Previously, we discussed the whole Instagram debacle over the changes made to its terms and conditions. When company founder Kevin Systrom announced via blog post that he listened to the feedback from users and reverted a section dealing with advertising back to its original version, many thought they had won a solid victory. But did they?
Nilay Patel argues in a recent article for The Verge that this may not be the case, and his reasoning is sound.
"That certainly sounds like a win for consumers, but it's actually a loss: the newly reinstated terms of service clause is objectively worse for users than the new one, and it's worded far more vaguely – the language feels familiar and comforting, but you're giving up more rights to your photos," Patel writes.
As he points out, while the new language allowed Instagram to display photos in connection with advertising, the original terms let the company place advertising "on, about, or in conjunction with" user photos.
He goes on to add that the real winner in this situation is Instagram, because not only did the company look good for nixing an unpopular policy, but this will be highlighted by businesses everywhere to advocate the use of vaguely worded legal language that is difficult for users to understand.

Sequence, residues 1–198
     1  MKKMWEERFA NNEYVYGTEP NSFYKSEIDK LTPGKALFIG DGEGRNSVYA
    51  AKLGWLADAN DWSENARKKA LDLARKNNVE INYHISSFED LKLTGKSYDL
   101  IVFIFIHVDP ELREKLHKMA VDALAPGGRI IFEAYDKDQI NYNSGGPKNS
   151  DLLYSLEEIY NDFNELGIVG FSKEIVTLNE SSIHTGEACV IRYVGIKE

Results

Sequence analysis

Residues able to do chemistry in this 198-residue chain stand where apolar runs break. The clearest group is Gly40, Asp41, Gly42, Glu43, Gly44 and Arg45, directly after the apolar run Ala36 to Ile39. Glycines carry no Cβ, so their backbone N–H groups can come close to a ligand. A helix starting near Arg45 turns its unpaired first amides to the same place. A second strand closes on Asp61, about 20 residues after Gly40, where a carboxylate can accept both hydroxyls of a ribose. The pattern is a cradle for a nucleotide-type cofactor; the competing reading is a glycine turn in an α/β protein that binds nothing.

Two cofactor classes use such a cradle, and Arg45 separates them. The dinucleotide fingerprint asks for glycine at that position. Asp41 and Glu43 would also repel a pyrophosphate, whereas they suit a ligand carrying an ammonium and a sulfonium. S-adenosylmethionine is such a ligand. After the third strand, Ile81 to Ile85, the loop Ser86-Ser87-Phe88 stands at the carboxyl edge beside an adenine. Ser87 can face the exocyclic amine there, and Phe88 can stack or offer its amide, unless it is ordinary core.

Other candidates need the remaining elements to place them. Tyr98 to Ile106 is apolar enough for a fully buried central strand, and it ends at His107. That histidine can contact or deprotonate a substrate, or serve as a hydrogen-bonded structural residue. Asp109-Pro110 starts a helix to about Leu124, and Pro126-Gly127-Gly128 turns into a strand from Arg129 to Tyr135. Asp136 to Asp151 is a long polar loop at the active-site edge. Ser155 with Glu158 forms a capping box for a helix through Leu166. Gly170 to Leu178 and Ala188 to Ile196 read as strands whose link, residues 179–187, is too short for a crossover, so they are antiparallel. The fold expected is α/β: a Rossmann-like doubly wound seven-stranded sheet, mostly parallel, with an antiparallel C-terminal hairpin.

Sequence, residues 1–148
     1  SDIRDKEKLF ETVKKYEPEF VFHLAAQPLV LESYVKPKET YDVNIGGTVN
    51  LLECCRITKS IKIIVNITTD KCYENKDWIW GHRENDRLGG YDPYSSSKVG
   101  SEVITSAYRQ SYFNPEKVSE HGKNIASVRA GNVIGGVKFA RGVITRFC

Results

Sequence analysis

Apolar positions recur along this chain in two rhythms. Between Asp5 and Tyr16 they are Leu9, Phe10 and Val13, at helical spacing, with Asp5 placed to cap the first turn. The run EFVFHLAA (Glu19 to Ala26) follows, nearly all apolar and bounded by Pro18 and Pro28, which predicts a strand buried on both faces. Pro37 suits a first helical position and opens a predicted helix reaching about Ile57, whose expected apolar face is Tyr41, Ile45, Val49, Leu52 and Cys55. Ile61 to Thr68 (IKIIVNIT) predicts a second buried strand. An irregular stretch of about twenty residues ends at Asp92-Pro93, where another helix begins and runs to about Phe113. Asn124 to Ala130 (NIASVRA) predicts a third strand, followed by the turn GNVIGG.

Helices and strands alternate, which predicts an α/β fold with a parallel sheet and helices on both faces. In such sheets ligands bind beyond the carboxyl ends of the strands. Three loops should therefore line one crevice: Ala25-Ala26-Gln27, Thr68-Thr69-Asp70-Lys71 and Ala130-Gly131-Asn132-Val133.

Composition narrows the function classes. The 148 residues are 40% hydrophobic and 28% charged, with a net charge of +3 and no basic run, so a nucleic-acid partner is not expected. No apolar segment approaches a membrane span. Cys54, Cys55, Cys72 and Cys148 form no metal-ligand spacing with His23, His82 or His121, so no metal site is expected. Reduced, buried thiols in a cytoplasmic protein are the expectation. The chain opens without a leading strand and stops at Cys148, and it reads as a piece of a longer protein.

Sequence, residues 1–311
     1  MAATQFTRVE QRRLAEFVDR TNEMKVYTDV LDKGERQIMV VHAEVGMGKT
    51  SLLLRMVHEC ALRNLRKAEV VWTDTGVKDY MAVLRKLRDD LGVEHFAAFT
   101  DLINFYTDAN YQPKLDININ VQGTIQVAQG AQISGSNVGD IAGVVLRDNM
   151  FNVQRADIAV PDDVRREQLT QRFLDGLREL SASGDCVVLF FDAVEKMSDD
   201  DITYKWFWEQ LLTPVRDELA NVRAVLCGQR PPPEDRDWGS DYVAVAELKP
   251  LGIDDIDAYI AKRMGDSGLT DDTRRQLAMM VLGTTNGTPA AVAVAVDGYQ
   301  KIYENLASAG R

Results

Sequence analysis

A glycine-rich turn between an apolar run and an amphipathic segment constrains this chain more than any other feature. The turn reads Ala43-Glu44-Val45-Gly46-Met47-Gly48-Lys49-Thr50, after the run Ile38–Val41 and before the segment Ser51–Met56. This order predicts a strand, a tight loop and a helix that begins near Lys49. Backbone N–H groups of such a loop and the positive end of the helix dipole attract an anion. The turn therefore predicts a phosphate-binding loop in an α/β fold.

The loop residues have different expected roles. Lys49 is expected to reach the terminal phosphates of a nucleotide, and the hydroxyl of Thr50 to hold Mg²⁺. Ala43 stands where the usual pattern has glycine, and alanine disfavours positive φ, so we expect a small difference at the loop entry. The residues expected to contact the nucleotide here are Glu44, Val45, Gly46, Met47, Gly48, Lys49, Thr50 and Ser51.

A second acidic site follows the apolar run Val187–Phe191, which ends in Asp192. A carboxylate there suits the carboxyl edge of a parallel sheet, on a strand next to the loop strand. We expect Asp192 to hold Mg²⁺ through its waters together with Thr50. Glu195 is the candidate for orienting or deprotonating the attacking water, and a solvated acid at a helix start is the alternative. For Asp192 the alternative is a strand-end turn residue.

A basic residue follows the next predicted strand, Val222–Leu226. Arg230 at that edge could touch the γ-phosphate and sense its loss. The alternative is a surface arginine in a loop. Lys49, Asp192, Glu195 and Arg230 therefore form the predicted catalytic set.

When online service providers make their terms and conditions so vague, convoluted and wrapped in "legalese" to the point where the customer has no clue what it means, how are they expected to know when changes are for better or worse?
Most companies would prefer that their customers pay for their goods and services but not pay attention to the terms and conditions. However, we as consumers should NOT be eager to comply with these wishes. When people consider online data security they often only think of bank accounts, social security numbers and passwords. But the pictures and posts we share on social media platforms are very personal pieces of data that can be used for fraud and other ways of damaging our online reputation.
Consumers need to take responsibility for letting companies know that it is not okay to covertly assume control over so much of a user's identity (including photos, posts, updates, friend networks, etc.). On the other hand, businesses should recognize that their purpose is to serve their users, not just the vendors that want access to their browsing breadcrumbs. Otherwise, at some point, there will be no users left that will trust the company's intentions.
John Sileo is an online privacy expert and keynote speaker on social media privacy, identity theft and fraud. His clients included the Department of Defense, Pfizer, and Homeland Security. See his recent work on 60 Minutes, Anderson Cooper and Fox Business.